It might be purely accidental that the government targeted precisely this biggest threat to the president. It may just be that a bureaucracy dominated by liberals picked up on not-so-subtle dog whistles from its political leadership. Or, it might be that direct orders were given.
As we’ve repeatedly emphasized, the possibility that the IRS was acting under orders from the White House, as alarming as it is, is far less so than the “dog whistle” alternative. If the IRS did the bidding of the party in power without having to be ordered, then the federal government itself, not just the current administration, is so corrupt as to call into question the very integrity of American democracy.

Mark Steyn has made the same point:

[L]et’s take the president at his word that the existence of this shadowy IRS entity working deep within the even shadowier U.S. Treasury planted in deep cover within the shadowiest conspiracy of them all, this murky hitherto unknown organization called “the Executive Branch,” that all this was news to him. What that means then is not that this or that elected politician is corrupt but that the government of the United States is corrupt.

Hundreds and hundreds of groups were consigned to the purgatory of “pending” — a term for IRS customers not as favored as Malik Obama can stretch leisurely from six months to ten to twenty to thirty, and beyond. When the most lavishly funded government on the planet comes after you, eventual guilt or innocence is irrelevant: The process is the punishment.

Americans are fearless if some guy pulls some stunt in a shopping mall, but an IRS assault is brutal and unending. Many activists faded away, and the media began writing stories about how the Tea Party had peaked; they were over; they wouldn’t be a factor in 2012. And so it proved. As Rush Limbaugh pointed out the other day, the plan worked.

More accurately, this was the face of voter suppression 2012:

Hey, bitter clingers! How’s my a** taste?

Comments (1)

Your Terrorist Atrocity is Very Important to Us…

Your wait is approximately… eight… months:

A source familiar with the creation of the ad says the RNC leadership approved the ad but it was scrapped at the last minute because of objections from the Romney campaign, which was concerned the ad would distract from Romney’s efforts to focus on the economy.

“White House Situation Room, this is Terri, how may I direct your call?”

The ad certainly issues a challenge, stakes a claim. It can’t be ignored. Romney was wrong to kill it. But while we can agree that he could have handled the situation better, he probably couldn’t have handled it successfully. The media not only stonewalled the story, they pushed back. Candy Crowley shut him down in the debate (later “regretting” it); any discussion of the story was met with derisive snarls of politicization; details were denied, cover stories adhered to.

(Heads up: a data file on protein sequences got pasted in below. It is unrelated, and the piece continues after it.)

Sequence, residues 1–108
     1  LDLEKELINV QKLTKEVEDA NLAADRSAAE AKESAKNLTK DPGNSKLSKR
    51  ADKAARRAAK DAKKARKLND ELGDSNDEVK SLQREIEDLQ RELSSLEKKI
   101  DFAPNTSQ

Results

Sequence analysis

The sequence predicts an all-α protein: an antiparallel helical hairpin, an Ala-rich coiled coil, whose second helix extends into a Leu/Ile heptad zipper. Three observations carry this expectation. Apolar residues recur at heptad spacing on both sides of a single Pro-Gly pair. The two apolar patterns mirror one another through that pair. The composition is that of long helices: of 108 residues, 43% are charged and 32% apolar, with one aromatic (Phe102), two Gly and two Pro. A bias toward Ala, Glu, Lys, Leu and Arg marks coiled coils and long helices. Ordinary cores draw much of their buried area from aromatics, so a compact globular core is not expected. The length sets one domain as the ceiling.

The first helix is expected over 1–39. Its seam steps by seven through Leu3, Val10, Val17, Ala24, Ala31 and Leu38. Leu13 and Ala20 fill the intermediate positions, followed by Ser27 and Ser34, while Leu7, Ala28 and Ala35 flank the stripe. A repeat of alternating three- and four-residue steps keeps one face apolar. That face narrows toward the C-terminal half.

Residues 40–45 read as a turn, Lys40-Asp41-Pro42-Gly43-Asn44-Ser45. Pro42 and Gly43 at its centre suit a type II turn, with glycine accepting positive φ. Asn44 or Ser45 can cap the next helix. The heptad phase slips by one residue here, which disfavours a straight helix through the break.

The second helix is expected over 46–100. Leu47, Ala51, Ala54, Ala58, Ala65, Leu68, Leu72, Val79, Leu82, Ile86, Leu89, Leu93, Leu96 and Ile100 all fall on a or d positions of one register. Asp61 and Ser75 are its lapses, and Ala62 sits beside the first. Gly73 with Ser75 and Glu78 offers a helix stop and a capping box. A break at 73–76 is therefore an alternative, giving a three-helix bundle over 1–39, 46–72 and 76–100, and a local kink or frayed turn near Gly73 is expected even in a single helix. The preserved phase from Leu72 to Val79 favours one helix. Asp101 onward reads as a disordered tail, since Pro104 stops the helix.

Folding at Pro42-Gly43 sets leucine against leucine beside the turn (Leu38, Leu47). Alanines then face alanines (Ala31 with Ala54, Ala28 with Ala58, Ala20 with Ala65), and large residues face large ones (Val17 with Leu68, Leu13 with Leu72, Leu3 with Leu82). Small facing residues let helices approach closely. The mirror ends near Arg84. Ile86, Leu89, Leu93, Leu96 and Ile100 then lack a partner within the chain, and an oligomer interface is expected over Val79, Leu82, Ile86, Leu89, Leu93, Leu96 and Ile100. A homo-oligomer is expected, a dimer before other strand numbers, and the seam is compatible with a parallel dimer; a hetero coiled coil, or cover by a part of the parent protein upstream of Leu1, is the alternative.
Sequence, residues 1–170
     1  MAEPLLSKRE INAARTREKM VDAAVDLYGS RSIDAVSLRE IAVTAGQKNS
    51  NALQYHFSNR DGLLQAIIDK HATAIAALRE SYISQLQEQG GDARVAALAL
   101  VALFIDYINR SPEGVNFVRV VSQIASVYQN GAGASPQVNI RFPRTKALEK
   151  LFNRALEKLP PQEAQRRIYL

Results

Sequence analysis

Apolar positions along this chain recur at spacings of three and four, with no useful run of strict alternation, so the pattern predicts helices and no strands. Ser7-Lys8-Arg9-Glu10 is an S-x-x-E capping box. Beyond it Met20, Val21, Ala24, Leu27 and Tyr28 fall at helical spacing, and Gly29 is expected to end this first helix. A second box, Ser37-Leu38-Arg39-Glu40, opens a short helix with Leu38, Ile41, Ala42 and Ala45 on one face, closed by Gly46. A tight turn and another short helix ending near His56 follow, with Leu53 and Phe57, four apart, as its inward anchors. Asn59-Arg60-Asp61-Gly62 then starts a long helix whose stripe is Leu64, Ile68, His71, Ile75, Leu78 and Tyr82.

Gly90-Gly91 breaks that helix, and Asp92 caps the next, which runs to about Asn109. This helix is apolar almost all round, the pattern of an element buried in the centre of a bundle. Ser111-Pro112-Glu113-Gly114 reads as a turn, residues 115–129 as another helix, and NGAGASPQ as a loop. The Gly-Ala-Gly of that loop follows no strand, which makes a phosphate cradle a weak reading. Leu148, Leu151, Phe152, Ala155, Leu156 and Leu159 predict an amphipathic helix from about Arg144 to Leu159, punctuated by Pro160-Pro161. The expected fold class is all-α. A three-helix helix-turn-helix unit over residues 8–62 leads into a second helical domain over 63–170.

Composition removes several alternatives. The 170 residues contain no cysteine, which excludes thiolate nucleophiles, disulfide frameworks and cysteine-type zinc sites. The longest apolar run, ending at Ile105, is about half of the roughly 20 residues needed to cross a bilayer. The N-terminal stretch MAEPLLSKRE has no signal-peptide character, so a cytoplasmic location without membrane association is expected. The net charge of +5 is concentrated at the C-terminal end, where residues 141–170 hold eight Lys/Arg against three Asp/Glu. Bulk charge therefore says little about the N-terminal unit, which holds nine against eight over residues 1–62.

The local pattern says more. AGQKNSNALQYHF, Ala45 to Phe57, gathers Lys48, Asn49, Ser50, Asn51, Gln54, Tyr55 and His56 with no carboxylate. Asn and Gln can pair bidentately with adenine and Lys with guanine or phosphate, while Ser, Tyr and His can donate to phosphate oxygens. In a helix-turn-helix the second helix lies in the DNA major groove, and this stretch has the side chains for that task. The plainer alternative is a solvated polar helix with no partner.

It was not Romney’s place to conduct a review, or even demand one—it was the responsibility, the duty, of the press. Instead of doing their duty, they did diddly. With few exceptions (C-Span 3??? Who knew there was one?), they’re still doing diddly.

But it happened a long time ago. And Chris Stevens, Tyrone Woods, Sean Smith, and Glen Doherty are still dead.


And the Winner Is…

I must say it was compelling television. To watch someone so in charge, so much the master of the whole picture, from grand strategy to the smallest detail.

I refer, of course, to Bill Belichick on “A Football Life: Cleveland ’95″.

Why, was there something else on?

James Carville told his fellow CNN panelists that, despite his support for President Barack Obama, he has to admit that it looked like GOP challenger Mitt Romney had a better performance.

“I had one overwhelming impression,” he said. “I did everything I could not to reach it, but it looked like Romney wanted to be there and President Obama didn’t want to be there.”

He continued: “It seemed like Romney was happy to be there. Obama gave me the impression that the whole thing was kind a lot of trouble.”

Well, to him, it was.

Other right-wing nut jobs were even nastier:

MSNBC host Ed Schultz displayed disappointment in the debate performance of President Barack Obama facing off against Mitt Romney.

“I was disappointed in the president tonight,” said Schultz. “The president had an opportunity tonight – he created a problem for himself on Social Security tonight: he agrees with Mitt Romney.”

Schultz went on to say that Obama failed to explain his position on the economy either. “I thought he was off his game,” Schultz said. “I was absolutely stunned tonight.”

He wasn’t the only one:

Bill Maher took to Twitter tonight presumably to root for Barack Obama during the first presidential debate, but ended up expressing a great deal of disappointment in the president’s performance.

Or just call Sarah Palin a c**t, right Bill?

Speaking of…

Sarah Palin panned President Barack Obama‘s debate performance while heaping heavy praise upon fellow Republican Mitt Romney‘s showing.

“I almost felt sorry for him…

Typical soft-headed liberal reaction.

This is more like it:

Especially Chris Matthews, the host who infamously said that the president sent a “thrill” up his leg during the 2008 Democratic primaries.

Clearly disappointed in Obama’s performance, Matthews lamented to host Rachel Maddow: “This tonight wasn’t an MSNBC debate, was it? It just wasn’t,” he said.

“I don’t know what he was doing out there. He had his head down. He was enduring the debate rather than fighting it. Romney came out with a campaign,” continued Matthews.

This matters. Today. In November, who knows?